Larry Pascal in The Wall Street Journal: Heard On The Street - Infrastructure Enthusiasm Builds in Brazil


Imagine trying to get around a country roughly the size of the U.S. but with only about half the paved roadway of the U.K. Welcome to Brazil ...

Brazil must modernize. The most pressing catalysts are the soccer World Cup in 2014 and the Olympic Games in 2016. But there are more profound drivers, too. First, bottlenecks increase costs, exacerbating inflation. For example, a shipping container spends 10 times as long sitting idle in the Brazilian port of Santos as it does in Hamburg, or in Rotterdam, the Netherlands, says Paulo Resende, infrastructure specialist at Brazilian business school Fundação Dom Cabral.

Second, exports of commodities like iron ore and soybeans are critical to the economy. But growing these requires expansion of infrastructure, especially transport links between the agricultural interior and the coast.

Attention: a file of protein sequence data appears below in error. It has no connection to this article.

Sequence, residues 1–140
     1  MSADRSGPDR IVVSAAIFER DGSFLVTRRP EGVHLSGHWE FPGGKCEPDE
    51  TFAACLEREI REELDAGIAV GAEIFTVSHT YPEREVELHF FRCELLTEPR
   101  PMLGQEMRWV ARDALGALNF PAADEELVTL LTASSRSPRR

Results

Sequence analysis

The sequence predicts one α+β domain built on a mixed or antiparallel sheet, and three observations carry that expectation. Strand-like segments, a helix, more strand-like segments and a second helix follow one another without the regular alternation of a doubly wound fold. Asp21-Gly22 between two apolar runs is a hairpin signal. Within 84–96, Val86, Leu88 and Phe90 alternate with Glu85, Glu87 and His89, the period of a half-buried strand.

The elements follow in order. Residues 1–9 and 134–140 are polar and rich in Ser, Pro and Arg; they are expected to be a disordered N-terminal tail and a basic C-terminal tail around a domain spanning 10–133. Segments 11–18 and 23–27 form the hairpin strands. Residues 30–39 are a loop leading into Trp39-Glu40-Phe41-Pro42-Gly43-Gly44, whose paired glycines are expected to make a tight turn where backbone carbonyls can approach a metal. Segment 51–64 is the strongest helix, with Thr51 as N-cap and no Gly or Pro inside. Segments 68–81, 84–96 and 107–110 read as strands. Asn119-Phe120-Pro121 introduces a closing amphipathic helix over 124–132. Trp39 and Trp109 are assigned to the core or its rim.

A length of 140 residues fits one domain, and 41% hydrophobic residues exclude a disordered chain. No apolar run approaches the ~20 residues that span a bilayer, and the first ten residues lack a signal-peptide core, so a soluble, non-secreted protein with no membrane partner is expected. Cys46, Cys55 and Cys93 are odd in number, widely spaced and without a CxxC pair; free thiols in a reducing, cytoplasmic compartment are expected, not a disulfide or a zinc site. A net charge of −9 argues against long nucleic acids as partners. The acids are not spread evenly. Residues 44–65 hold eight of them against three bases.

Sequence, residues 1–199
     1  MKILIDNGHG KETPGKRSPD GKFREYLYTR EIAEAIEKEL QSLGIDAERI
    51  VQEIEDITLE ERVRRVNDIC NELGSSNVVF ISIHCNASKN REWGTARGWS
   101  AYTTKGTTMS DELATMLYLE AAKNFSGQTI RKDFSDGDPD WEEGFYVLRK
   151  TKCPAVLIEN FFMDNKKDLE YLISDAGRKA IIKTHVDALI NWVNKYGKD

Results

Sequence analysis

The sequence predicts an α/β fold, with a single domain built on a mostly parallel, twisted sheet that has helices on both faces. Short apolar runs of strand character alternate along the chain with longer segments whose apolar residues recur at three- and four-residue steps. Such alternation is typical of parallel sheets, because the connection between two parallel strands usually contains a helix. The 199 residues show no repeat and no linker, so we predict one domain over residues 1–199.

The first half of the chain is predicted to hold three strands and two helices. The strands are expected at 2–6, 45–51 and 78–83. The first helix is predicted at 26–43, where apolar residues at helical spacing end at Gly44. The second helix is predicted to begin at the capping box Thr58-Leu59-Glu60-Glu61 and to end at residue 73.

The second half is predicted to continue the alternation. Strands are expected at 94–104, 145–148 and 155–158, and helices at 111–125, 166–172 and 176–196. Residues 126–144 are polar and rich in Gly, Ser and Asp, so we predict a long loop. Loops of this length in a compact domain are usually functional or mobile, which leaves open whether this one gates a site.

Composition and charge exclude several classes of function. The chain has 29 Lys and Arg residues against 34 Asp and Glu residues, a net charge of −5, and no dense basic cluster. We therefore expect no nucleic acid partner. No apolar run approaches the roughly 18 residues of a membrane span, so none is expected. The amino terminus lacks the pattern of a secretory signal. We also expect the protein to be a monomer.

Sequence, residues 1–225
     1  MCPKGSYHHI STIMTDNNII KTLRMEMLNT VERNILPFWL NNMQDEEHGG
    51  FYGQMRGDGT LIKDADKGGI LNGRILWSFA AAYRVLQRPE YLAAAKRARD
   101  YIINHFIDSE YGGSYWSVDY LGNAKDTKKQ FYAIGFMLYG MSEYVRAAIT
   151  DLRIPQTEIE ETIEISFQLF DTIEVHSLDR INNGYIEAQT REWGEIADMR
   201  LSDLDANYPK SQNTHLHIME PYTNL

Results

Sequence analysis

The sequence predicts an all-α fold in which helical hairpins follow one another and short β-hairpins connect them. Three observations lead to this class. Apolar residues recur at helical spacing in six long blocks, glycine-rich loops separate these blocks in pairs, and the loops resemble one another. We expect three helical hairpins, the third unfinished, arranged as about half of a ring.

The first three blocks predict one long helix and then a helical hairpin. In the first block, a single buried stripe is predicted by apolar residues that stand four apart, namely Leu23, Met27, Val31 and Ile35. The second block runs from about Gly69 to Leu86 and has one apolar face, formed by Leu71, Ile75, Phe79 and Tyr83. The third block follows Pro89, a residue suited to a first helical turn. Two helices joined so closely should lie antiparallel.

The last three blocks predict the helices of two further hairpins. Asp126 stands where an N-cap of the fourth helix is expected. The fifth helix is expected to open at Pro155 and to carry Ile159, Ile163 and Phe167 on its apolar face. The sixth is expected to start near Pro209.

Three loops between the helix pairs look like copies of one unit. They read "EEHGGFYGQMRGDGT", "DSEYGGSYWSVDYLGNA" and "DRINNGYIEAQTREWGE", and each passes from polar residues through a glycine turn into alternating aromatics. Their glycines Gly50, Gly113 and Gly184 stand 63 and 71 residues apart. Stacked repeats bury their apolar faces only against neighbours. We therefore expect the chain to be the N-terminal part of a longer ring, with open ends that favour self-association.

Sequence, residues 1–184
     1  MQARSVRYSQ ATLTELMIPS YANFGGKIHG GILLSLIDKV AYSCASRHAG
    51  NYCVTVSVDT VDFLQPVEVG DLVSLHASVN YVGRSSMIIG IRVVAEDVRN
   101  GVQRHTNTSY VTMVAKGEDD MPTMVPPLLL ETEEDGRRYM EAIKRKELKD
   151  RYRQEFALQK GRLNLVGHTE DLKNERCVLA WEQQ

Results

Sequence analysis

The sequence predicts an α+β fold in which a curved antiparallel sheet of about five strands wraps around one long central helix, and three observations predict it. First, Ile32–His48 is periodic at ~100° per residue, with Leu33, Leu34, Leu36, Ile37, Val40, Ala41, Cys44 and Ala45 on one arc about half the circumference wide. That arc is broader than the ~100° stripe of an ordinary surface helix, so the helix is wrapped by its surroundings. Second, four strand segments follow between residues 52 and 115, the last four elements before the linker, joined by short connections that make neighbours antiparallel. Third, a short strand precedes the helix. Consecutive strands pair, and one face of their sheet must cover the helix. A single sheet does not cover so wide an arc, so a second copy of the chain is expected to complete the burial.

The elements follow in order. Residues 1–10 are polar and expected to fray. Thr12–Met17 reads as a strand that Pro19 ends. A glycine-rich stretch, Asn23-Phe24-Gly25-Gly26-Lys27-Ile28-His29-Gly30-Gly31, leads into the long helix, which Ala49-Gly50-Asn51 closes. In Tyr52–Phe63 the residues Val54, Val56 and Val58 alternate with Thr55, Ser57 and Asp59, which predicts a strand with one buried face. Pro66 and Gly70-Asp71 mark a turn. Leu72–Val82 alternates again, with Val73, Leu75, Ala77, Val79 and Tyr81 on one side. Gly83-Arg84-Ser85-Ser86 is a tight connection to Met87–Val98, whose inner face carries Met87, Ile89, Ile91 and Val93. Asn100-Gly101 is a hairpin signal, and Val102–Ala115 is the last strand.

Still, investors seeking exposure to the Brazilian infrastructure opportunity must choose carefully. The Brazilian stock market has had a dismal year, made worse by the recent flight from risk globally. Political risk is also high. "Brazil is without a doubt the most complex regulatory environment in Latin America" says Larry Pascal of law firm Haynes and Boone LLP.

Excerpt from The Wall Street Journal, Aug. 15, 2011. To view the full article, click here (subscription required).

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